Leaders need to have vision
By Galen Larson
Montezuma County needs our help. We cannot stand by and let persons in Utah scam our commissioners, because when they are scammed, we are also.
They were elected by the people of Montezuma County and should not govern on advice from Utah or any other state. If they cannot see the problems in Montezuma County and do not have the desire or intelligence to fix them, then maybe they shouldn’t have run for office.
When candidates win a public office they are no longer their own person but serve at the will of the people. That was not shown at a meeting last year when the commissioners ignored the voices of the many to appease the will of a few and voted to eliminate a ten-year-old system of TDRs in the Dolores River Valley. The system had been put in place by citizens who worked for the better part of two years, yet it took only 30 seconds for the commissioners to vote it out. It had been supported by a succession of county commissioners over the years and some even signed a letter asking the new board to not destroy their work.
One term-limited commissioner stated that after eight years in office he had never understood the TDR system. He voted to get rid of it. Destroying the past is no way to build a future.
At a county commission meeting several weeks past I asked them what were their plans to alleviate the 37 percent poverty rate in this county. I finally tracked down the menu that Commissioner Larry Don Suckla read off, but it was a sparse entree with no nourishment, just a lot of appetizers. Where’s the beef ? as they say.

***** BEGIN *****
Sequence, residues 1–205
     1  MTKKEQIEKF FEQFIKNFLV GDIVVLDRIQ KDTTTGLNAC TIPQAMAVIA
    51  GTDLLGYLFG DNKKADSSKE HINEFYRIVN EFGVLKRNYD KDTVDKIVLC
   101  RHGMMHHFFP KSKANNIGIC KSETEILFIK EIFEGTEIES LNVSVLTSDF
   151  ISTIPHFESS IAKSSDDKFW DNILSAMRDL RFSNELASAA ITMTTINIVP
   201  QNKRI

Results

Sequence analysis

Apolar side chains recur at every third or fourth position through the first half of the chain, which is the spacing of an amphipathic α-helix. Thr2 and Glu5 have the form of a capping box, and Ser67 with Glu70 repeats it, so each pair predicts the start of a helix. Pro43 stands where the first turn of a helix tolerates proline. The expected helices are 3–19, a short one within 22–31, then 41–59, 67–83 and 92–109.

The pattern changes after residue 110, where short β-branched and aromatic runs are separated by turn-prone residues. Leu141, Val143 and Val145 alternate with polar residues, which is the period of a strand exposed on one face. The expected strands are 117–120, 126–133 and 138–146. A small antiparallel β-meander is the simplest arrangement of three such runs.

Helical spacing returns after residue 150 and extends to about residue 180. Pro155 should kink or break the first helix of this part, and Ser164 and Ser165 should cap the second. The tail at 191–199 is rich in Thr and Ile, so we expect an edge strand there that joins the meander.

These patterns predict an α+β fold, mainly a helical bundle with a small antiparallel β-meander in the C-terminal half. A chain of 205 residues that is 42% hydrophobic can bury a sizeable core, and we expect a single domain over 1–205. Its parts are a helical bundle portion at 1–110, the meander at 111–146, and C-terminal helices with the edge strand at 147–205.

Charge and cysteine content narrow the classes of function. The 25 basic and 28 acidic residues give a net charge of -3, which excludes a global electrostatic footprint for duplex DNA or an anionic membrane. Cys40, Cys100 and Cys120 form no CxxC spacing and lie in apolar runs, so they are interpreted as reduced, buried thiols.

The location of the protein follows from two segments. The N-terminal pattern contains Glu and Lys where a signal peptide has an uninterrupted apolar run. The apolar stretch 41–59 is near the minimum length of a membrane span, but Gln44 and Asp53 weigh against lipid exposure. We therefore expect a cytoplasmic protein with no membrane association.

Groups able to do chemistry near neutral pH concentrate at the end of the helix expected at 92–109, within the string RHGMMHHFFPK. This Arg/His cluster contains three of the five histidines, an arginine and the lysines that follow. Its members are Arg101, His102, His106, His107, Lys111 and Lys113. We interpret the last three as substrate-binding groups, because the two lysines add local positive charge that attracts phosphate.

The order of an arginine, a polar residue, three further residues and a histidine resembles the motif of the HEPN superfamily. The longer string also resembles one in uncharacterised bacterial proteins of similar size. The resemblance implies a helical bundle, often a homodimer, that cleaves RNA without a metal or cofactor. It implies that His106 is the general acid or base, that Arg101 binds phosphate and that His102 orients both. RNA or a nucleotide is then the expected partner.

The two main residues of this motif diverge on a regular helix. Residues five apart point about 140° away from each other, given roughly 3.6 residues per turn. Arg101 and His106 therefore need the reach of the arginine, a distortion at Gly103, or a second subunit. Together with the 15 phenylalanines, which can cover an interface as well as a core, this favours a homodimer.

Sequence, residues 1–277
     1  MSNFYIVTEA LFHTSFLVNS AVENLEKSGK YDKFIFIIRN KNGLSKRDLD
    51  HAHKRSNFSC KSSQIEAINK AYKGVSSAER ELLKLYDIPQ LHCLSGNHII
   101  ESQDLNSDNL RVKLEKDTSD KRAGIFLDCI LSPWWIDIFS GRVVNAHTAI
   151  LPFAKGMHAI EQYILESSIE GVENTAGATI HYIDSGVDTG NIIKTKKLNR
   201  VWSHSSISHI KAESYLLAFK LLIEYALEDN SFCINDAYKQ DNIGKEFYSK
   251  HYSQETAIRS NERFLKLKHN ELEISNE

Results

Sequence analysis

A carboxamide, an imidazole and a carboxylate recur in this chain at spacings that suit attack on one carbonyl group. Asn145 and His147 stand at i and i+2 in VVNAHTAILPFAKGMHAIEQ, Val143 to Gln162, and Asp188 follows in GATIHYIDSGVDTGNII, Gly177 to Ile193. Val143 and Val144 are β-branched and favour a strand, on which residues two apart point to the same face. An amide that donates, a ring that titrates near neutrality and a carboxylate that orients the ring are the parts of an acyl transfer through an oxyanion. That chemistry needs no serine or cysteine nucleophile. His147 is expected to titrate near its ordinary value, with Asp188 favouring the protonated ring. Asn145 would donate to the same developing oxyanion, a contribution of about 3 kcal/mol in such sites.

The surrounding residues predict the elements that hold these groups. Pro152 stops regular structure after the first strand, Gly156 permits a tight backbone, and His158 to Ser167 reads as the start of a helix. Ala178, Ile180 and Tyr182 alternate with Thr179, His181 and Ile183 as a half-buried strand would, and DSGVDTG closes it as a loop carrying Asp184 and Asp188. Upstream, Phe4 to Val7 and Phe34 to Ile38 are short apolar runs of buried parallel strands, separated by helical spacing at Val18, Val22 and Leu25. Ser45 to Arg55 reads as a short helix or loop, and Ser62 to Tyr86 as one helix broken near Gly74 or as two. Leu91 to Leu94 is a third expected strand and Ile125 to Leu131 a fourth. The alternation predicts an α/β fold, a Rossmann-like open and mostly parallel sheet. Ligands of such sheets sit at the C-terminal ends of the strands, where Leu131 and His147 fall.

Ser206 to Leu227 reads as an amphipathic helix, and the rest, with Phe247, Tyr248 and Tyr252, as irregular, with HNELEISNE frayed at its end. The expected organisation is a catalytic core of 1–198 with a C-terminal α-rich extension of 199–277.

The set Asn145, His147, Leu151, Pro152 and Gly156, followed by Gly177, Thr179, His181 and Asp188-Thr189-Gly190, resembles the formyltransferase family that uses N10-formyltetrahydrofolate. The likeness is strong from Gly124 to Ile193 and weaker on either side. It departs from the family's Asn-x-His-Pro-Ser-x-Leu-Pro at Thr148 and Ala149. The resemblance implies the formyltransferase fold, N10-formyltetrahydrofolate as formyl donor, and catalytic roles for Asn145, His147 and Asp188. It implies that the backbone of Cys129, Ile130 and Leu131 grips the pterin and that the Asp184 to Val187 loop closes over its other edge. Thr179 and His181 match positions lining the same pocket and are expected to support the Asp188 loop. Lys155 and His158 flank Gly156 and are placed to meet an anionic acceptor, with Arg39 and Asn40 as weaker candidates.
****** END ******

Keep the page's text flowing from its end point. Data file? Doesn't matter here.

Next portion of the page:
Most of the efforts he cited were things that were started by others – such as the Phil’s World bicycle trail expansion and the lawsuit against Kinder Morgan. I got no new ideas from the commissioners, only a statement from one that government doesn’t create jobs – as he sat in his government-created job garnering a generous paycheck from the taxpayers.
One item on the list stated that Social Services and the Workforce Center will work together to provide jobs. I was under the impression that that was the mission of the Montezuma County Economic Development Association. I was once a member but saw more talk than walk, so I saved my dues for better things – which may have been wine, women, and song, but that is no one’s business.
I have lived in this area for 35 years and it lies heavy on my heart to see what has happened to this city and county from that slow-moving disease, PPLS. To the leaders of this county I say, lead or get the hell out of the way. You were elected by Montezuma County – it is your job to represent the citizens of this county, not some scammers from a club in Utah. And, yes, I do have some economic-development ideas that could help this county, but I’ll take that up with the new chairman of the MCEDA.
Galen Larson writes from Montezuma County, Colo.